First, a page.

Friday 19 January 2018

Samantha McCaughren: Ergo...UK tech investors take big punt on 1,000 student digs

Publican Charlie Chawke with his daughters Ali Chawke (left) and Jenny Chawke (right)
Publican Charlie Chawke with his daughters Ali Chawke (left) and Jenny Chawke (right)
Samantha McCaughren

Samantha McCaughren

Two British-based tech entrepreneurs are taking quite an interest in Irish student accommodation. Angel investor Shukri Shammas and Tareq Naqib, both founders of Initial Capital in the UK, have invested in a string of start-ups. Among the projects which Shammas has been involved in was Playfish, a developer of free-to-play, social network games owned by Electronic Arts.

But the pair also dabble in property and are developing student accommodation through their company Summix.

My property sources tell me that Summix believes Irish student accommodation remains underdeveloped and has been working on finding Irish sites for the past three years.

The pair have plans for a project in Galway and have also two sites in Cork, including the old Square Deal furniture building on the city's Washington Street where they hope to develop 242 student rooms.

Summix has also submitted plans for a 349-room project in Dublin 8 (where else?) bringing the total amount of rooms being proposed by the company to over 1,000 in Ireland.

It has built 1,700 student rooms, or is planning, in the UK and sees plenty more opportunity around Dublin and other university towns, I hear.

The Summix plans, currently with Dublin City Council, have garnered an objection from local businessmen Deryck Fay and Justin Bryan, who have been totting up the new student living projects currently in the locality.

According to their submission, there are already plans for over 2,600 student accommodation units within 1km of this Summix property - not to mention six hotel projects in the area, which include the Aloft Hotel at Mill Street and the Maldron Hotel being built at the old Myra Glass site.

While it sounds like a very significant number of students will be flocking to Dublin 8, planners will no doubt be mindful of the rental crisis facing the country. And as the tech investors know all too well, taking students out of the mainstream rental market could well be a game changer.


OpenJaw off to flyer in China battle with Datalex

Travel software company OpenJaw has had a rather good week after signing four new Asian airlines as customers. Shenzhen Airlines, Sichuan Airlines, Hong Kong Airlines and China United Airlines have signed up to use the Irish-based company’s platform, designed to enable airlines to sell ancillary products alongside tickets.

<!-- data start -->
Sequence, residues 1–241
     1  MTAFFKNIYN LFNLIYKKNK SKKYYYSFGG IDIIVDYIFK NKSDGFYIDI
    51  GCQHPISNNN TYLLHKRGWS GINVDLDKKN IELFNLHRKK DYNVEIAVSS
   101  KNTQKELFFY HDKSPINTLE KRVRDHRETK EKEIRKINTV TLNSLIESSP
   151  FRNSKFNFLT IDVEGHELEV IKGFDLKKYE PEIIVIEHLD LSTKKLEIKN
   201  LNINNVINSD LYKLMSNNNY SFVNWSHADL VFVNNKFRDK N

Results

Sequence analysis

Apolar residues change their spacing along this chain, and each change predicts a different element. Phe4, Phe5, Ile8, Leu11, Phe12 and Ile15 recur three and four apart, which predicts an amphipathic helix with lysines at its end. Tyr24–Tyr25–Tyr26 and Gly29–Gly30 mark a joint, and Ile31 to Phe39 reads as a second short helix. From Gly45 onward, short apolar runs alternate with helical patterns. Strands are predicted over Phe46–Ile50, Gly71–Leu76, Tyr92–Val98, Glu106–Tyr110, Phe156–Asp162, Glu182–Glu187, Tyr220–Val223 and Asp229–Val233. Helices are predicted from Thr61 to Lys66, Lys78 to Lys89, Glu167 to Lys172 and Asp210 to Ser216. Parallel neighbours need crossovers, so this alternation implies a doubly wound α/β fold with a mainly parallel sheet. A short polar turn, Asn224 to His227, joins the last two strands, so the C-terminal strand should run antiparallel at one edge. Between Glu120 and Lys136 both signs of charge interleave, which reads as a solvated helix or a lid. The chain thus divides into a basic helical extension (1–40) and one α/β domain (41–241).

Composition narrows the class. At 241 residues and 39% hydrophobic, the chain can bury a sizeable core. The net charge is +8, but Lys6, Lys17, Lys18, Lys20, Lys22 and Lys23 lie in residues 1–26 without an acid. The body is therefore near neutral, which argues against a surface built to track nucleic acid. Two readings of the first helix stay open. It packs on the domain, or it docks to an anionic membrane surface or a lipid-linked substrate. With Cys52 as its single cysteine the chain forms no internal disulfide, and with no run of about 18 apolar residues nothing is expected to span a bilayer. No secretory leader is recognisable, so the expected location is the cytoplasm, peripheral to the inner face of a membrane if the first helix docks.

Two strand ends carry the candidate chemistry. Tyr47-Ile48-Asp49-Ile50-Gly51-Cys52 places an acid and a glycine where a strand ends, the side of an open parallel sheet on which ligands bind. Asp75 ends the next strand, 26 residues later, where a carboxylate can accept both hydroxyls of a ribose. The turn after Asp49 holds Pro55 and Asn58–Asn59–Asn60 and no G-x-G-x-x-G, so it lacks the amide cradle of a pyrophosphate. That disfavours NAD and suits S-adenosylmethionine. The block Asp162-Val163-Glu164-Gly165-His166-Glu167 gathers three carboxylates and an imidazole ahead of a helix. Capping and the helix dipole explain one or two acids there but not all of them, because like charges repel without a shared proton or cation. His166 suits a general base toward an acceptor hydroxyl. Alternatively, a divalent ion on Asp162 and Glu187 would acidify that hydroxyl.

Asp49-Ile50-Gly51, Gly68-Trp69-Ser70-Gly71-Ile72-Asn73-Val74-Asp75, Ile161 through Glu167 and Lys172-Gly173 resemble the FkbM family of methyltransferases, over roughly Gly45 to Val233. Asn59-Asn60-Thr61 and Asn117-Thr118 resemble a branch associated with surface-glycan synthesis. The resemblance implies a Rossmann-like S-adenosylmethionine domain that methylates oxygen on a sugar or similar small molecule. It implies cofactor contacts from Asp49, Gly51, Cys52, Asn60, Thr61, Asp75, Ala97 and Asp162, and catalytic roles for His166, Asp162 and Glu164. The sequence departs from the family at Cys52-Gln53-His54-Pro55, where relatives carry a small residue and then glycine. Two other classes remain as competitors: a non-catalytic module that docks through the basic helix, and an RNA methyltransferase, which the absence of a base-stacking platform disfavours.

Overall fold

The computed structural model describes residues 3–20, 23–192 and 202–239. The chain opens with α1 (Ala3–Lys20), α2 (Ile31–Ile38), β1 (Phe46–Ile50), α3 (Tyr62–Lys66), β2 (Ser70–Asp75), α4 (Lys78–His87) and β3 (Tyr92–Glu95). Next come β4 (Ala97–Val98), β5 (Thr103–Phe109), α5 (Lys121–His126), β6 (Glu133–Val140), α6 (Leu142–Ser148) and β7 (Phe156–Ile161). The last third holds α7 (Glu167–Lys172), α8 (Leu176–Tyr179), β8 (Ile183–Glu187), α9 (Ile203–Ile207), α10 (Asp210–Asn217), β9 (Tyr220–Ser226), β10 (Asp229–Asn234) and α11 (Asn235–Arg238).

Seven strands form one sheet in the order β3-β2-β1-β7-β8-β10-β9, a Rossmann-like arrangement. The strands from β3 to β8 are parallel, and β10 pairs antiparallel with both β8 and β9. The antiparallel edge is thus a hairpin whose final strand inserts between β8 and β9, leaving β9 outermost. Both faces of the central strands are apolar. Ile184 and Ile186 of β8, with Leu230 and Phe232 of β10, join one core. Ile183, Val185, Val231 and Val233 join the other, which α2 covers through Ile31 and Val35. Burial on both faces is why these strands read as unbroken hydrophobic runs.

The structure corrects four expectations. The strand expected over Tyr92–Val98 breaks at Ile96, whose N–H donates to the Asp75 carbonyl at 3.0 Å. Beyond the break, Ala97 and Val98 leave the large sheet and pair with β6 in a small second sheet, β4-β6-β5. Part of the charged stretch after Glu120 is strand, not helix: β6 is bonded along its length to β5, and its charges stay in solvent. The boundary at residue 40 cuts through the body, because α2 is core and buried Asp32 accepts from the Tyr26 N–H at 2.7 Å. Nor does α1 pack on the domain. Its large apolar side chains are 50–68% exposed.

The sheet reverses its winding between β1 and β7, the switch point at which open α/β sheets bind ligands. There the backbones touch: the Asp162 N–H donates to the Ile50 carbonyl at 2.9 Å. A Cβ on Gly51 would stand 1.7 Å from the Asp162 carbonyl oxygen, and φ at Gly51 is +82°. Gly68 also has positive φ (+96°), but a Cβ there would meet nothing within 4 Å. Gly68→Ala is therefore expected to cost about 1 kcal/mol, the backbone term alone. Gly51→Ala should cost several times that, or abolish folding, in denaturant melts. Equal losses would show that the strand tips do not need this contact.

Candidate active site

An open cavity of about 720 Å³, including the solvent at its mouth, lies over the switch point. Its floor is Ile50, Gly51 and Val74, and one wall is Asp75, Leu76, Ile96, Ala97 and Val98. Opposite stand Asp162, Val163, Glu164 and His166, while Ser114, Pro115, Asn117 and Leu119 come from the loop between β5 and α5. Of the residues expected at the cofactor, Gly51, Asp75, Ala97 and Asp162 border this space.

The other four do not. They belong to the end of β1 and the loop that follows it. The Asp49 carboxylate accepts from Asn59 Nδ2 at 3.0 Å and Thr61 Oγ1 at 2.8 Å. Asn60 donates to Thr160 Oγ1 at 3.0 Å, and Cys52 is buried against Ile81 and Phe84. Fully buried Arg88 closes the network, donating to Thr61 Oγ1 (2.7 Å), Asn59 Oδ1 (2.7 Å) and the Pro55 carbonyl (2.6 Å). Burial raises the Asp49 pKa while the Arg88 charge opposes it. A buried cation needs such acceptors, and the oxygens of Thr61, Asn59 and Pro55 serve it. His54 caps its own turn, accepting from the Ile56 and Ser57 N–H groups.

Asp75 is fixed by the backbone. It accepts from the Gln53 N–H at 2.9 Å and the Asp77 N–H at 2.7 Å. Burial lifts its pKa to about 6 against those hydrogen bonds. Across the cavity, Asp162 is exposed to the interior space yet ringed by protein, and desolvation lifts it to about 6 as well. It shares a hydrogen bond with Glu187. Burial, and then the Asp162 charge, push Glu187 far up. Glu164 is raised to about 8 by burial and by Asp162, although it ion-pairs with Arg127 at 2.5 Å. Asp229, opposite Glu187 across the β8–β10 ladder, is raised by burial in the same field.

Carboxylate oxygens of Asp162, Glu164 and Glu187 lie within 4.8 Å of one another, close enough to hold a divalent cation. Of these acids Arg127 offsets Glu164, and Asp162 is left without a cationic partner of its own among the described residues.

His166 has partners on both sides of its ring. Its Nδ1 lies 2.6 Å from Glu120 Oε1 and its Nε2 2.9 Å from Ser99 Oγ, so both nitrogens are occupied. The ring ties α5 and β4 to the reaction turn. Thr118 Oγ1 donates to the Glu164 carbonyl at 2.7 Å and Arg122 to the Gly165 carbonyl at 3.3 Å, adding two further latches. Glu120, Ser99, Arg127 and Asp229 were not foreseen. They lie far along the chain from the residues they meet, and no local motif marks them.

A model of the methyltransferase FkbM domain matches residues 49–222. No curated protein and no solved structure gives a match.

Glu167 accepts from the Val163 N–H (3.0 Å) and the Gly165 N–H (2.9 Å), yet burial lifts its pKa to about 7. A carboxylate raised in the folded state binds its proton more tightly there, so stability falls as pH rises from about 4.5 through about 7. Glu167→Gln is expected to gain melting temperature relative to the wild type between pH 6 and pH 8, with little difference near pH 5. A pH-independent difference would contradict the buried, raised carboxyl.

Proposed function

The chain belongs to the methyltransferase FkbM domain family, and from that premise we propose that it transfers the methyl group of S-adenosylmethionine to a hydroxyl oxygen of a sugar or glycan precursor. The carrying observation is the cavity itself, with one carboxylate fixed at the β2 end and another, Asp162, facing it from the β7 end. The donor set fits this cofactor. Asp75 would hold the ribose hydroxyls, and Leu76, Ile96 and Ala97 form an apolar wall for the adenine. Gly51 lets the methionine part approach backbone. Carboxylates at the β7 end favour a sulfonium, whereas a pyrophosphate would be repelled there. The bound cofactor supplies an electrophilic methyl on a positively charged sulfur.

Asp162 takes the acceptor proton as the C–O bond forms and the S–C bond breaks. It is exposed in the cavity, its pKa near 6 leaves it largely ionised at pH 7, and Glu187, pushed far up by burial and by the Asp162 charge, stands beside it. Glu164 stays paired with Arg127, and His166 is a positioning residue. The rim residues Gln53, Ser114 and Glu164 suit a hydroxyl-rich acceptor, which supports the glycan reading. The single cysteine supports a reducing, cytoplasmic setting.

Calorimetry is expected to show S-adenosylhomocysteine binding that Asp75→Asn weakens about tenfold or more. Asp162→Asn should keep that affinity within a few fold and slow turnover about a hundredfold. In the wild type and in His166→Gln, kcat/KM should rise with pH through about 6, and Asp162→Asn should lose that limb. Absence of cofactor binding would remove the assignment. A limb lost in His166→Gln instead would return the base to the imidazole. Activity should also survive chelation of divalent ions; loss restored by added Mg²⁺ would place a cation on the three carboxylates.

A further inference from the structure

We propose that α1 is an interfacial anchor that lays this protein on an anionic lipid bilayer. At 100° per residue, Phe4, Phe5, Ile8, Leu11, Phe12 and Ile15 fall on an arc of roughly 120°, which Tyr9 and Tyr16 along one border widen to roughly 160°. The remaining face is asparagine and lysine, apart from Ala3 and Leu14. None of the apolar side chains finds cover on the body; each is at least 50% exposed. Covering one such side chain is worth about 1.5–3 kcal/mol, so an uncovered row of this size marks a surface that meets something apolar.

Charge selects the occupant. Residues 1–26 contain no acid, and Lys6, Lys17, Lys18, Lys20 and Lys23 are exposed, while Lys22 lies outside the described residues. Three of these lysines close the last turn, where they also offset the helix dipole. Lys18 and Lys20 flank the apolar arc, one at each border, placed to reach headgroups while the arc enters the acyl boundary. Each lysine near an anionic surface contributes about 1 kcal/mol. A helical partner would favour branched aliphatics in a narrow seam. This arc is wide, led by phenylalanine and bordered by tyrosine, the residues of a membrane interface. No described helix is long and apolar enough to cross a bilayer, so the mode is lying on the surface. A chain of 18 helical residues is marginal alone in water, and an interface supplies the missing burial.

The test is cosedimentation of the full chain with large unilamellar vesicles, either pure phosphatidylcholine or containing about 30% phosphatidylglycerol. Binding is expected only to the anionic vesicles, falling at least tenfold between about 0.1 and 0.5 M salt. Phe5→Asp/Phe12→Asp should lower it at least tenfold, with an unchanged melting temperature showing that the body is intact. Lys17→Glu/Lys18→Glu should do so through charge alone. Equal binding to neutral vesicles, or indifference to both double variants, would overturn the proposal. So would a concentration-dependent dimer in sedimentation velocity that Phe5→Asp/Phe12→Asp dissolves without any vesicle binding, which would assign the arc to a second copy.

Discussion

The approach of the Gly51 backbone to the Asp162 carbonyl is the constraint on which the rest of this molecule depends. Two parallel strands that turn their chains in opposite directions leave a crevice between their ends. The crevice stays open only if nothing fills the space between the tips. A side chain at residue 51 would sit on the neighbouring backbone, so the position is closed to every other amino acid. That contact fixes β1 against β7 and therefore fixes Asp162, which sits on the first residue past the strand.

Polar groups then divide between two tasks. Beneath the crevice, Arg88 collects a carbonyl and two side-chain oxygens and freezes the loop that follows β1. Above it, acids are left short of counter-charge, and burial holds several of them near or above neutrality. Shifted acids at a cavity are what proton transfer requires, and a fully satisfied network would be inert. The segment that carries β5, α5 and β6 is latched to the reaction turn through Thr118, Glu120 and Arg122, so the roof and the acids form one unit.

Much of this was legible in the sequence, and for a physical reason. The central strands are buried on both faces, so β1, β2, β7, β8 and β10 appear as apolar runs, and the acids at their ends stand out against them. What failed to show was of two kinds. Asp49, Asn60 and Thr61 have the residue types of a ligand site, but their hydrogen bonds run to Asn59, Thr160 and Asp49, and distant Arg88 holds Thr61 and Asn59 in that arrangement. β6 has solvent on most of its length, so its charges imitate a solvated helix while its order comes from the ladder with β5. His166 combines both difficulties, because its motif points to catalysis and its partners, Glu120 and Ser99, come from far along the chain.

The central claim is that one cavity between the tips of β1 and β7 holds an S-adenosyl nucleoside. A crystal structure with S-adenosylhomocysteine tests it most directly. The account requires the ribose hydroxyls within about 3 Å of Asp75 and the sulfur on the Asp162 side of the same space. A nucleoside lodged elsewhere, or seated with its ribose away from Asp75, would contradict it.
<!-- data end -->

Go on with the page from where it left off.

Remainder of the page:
OpenJaw was bought by Chinese aviation IT firm TravelSky last year — a transaction that should give it a boost in gaining a slice of that fast-growing market. OpenJaw, which held a conference in the Mansion House this week, is poised for an interesting battle with Irish-listed companycompetitor Datalex, a direct competitor which is also seeking to boost its presence in China. Datalex, where Dermot Desmond is the biggest shareholder, recently signed a partnership with Chinese IT firm Neusoft and has appointed corporateadvisers Evercore to help it explore strategic options for growth. Let the games begin, as Enda would say.


Ex-Ashford chef cooks up new consultancy and restaurant

Stefan Matz, the former executive chef at the five-star Ashford Castle hotel, and previous owner of the Michelin-starred restaurant and hotel Erriseask House in Ballyconneely, Galway, is planning to share some of his experience with the rest of the hospitality industry.

He has just set up Stefan Matz Catering Consultancy, which aims to provide everything from menu planning to recruitment advice.

Matz, who is German but has lived in Ireland for 25 years, told me that recruitment of qualified staff has been one of the biggest issues facing the trade in recent years. Indeed, he decided to close one of his own restaurants — the Chef’s Table in Leenane, Co Galway — for that very reason.

He agrees that food in Ireland has come a long way over the past couple of decades but says he feels that it is in danger of becoming too generic. 

“There are some wonderful establishments, but there are a lot of places where the food is too alike. The menus are not distinguished between one place and one region or another,” he told me. Matz himself is about to open a new restaurant in the luxury Connemara Sands Hotel. No doubt we can expect something a little bit different from his latest offering.


Waiting for delivery ruling

AS we saw from An Post last week, the parcels business is an area of high growth, driven by a growing shift to online shopping. Among those cashing in on this trend is Parcel Motel, which has dozens of lockers around the country for the collection of those online deliveries.

According to Parcel Motel’s marketing bumf, the service means “no more waiting around or missed delivery notices telling you to pick up your parcel during the exact same hours that you’re at work”.

The owner of Parcel Motel, Nightline, which was recently bought by delivery giant UPS, is currently seeking clarification as to whether or not a Parcel Motel at Charlie Chawke’s The Goat needs planning permission, an important decision for the group’s expansion, no doubt. They are still waiting for Bord Pleanala to deliver its ruling.

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